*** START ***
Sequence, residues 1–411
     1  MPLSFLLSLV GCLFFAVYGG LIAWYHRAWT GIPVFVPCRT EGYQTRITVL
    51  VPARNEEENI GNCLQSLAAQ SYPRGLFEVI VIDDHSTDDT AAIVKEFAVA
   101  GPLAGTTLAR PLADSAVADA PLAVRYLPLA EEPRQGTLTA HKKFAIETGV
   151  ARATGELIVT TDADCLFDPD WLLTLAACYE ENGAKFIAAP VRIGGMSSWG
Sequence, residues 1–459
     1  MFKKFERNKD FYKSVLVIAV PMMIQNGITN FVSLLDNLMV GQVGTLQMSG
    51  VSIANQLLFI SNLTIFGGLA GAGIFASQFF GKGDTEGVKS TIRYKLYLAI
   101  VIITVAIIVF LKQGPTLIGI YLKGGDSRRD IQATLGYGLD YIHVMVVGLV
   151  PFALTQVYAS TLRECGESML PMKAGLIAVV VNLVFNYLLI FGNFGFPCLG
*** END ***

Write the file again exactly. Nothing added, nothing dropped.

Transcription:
Sequence, residues 1–411
     1  MPLSFLLSLV GCLFFAVYGG LIAWYHRAWT GIPVFVPCRT EGYQTRITVL
    51  VPARNEEENI GNCLQSLAAQ SYPRGLFEVI VIDDHSTDDT AAIVKEFAVA
   101  GPLAGTTLAR PLADSAVADA PLAVRYLPLA EEPRQGTLTA HKKFAIETGV
   151  ARATGELIVT TDADCLFDPD WLLTLAACYE ENGAKFIAAP VRIGGMSSWG
Sequence, residues 1–459
     1  MFKKFERNKD FYKSVLVIAV PMMIQNGITN FVSLLDNLMV GQVGTLQMSG
    51  VSIANQLLFI SNLTIFGGLA GAGIFASQFF GKGDTEGVKS TIRYKLYLAI
   101  VIITVAIIVF LKQGPTLIGI YLKGGDSRRD IQATLGYGLD YIHVMVVGLV
   151  PFALTQVYAS TLRECGESML PMKAGLIAVV VNLVFNYLLI FGNFGFPCLG